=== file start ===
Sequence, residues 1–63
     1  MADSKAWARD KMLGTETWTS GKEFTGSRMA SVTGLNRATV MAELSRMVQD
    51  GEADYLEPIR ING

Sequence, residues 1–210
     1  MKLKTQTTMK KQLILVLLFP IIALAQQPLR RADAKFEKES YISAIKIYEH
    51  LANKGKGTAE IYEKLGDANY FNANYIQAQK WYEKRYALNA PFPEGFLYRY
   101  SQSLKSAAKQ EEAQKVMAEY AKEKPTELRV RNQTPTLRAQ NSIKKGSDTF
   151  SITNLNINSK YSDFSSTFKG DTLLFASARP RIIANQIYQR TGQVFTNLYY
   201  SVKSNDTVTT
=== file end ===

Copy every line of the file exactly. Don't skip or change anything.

Sequence, residues 1–63
     1  MADSKAWARD KMLGTETWTS GKEFTGSRMA SVTGLNRATV MAELSRMVQD
    51  GEADYLEPIR ING

Sequence, residues 1–210
     1  MKLKTQTTMK KQLILVLLFP IIALAQQPLR RADAKFEKES YISAIKIYEH
    51  LANKGKGTAE IYEKLGDANY FNANYIQAQK WYEKRYALNA PFPEGFLYRY
   101  SQSLKSAAKQ EEAQKVMAEY AKEKPTELRV RNQTPTLRAQ NSIKKGSDTF
   151  SITNLNINSK YSDFSSTFKG DTLLFASARP RIIANQIYQR TGQVFTNLYY
   201  SVKSNDTVTT